Turner Turns 20, and Turns It On

When Reggie Miller celebrated his 20th birthday, on Aug. 25, 1985, he was heading into his junior year at UCLA, looking forward to improving on a promising sophomore season when he averaged 15.2 points.

When Paul George celebrated his 20th birthday, on May 2, 2010, he was preparing for the NBA Draft, having completed a sophomore season at Fresno State in which he averaged 16.8 points and earned second-team all-Western Athletic Conference honors.

Myles Turner turned 20 on Thursday, and celebrated by scoring 24 points and grabbing 16 rebounds in a 92-84 victory over New Orleans in what was probably his best NBA performance and was certainly his best birthday.

"He had a big-boy game," George said.

Turner's parents were at Bankers Life Fieldhouse for the game and took him out to dinner afterward, but no grand celebration was in the works. He's got practice on Friday, a game in Brooklyn on Saturday and another one back at The Fieldhouse on Sunday, which is how the big boys in the NBA have to deal with this kind of milestone. The work comes first.

But that's OK. Turner had his cake and ate it, too, against the Pelicans. He displayed agile elements of his game not yet seen around these parts and played the lead role in a crucial Pacers victory that was more difficult than it should have been against a team missing its six leading scorers.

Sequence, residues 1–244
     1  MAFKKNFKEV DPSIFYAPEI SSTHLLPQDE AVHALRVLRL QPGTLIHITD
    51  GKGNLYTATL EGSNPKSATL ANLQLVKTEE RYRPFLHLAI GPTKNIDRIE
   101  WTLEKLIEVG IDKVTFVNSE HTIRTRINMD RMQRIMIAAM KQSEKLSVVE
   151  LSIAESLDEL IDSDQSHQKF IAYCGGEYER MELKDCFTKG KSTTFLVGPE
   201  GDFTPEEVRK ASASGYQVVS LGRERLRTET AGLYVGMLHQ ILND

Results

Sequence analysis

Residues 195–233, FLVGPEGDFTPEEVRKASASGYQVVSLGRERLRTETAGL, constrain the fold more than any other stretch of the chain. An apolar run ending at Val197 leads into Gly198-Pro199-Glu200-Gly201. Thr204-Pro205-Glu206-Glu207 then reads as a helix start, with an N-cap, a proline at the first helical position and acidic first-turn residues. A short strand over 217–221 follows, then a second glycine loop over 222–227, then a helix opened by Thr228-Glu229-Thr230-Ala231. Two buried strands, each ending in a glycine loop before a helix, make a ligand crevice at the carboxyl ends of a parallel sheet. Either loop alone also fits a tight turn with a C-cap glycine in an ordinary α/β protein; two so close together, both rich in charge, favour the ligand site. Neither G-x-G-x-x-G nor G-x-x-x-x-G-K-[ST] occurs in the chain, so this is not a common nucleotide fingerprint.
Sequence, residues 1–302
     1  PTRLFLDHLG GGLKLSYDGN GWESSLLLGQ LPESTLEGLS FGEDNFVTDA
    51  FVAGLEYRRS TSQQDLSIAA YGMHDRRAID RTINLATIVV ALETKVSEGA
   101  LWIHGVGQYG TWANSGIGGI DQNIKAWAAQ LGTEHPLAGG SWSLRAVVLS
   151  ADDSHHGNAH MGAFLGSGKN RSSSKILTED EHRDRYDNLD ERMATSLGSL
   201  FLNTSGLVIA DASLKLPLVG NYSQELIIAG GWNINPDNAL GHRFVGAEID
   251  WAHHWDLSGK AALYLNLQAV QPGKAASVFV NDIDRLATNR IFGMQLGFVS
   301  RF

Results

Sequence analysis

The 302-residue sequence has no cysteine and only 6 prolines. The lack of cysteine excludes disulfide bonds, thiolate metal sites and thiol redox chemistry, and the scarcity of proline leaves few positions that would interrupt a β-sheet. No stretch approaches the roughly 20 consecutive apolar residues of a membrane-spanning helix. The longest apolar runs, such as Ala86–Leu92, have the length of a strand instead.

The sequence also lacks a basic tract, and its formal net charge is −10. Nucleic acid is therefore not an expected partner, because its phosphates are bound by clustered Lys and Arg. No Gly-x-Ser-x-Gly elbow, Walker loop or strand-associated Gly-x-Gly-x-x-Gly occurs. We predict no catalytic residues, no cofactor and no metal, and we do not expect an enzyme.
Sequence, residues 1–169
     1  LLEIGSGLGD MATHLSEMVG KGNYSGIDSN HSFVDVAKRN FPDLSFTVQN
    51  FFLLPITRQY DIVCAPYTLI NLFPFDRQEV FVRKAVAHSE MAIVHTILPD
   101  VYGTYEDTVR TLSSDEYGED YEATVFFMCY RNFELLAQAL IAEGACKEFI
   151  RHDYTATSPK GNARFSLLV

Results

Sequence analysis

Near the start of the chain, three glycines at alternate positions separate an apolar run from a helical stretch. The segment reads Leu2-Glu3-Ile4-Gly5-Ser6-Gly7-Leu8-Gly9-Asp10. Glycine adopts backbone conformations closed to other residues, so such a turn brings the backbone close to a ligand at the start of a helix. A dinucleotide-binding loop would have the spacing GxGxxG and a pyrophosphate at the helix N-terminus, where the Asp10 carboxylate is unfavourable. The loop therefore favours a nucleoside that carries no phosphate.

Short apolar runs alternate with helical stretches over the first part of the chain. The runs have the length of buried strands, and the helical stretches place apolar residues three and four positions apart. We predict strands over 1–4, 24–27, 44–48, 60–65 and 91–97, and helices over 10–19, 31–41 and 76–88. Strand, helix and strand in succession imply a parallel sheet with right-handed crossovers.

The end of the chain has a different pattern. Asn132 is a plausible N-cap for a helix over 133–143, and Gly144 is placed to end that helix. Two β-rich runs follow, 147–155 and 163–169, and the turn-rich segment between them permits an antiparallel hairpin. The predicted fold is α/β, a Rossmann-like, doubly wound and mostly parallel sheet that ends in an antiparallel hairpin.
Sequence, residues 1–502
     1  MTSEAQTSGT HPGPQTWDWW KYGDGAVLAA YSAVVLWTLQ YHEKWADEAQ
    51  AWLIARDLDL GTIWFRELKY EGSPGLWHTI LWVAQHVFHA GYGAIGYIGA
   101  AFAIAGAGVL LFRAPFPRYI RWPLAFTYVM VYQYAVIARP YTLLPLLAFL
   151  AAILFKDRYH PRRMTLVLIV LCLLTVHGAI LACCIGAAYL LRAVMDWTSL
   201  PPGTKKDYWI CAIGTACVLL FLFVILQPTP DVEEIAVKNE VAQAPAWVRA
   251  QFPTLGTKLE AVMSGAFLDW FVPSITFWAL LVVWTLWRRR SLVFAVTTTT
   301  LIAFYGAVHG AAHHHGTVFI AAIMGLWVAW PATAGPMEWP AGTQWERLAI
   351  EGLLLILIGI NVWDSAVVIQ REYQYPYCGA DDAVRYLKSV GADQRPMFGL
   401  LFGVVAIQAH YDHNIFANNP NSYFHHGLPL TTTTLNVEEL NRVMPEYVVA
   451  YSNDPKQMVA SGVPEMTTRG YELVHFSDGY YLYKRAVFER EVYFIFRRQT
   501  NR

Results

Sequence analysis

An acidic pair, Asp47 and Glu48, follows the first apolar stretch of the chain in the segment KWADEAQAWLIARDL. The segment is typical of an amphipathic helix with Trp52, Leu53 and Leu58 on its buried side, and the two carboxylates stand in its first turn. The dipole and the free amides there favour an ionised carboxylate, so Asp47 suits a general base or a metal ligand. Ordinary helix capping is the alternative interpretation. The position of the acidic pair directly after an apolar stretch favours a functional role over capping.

The highlight of his performance was an arm-cocked fastbreak dunk in the first quarter that brought fans and teammates alike to their feet.

"The team gets on me a little bit and says I have no bounce, so I tried to do something," Turner said. "It worked out for the best. It made up for the one I missed in transition a couple of weeks ago."

He had other plays that were just as impressive, just more subtle. He ran the floor and caught an over-the-shoulder pass from Monta Ellis in stride for a layup that drew a foul in the second quarter and set up a three-point play. Later in the period, he hit a step-back 20-footer off the dribble, and then converted another three-point play off an up-and-under move that he finished with a left-handed scooping layup while drawing a foul.

He hit 11-of-17 shots overall, grabbed a season-best rebound total for any Pacers player, and blocked three shots. He punctuated some of his highlights with pumped fists and shouts, showing even more youthful enthusiasm than usual.

"I just came out with a renewed sense of energy," he said.


"Maybe not being a teenager no more," he said. "That might have done it."

Turner's exuberance is a welcome sight on a laid-back team that struggles to find mojo against weaker opponents. He reminds somewhat of Al Harrington, who joined the Pacers straight out of high school for the 1999 season and brought innocence and vigor to a veteran locker room, although Harrington played in just 21 games and averaged 2.1 points as a rookie.

"He plays with tremendous energy," said C.J. Miles, who came off the bench to score 19 points. "You see his passion, all the time. Whether he's in the game or on the bench, he's jumping up and down. He's happy to be here. And he's got a tremendous skill set."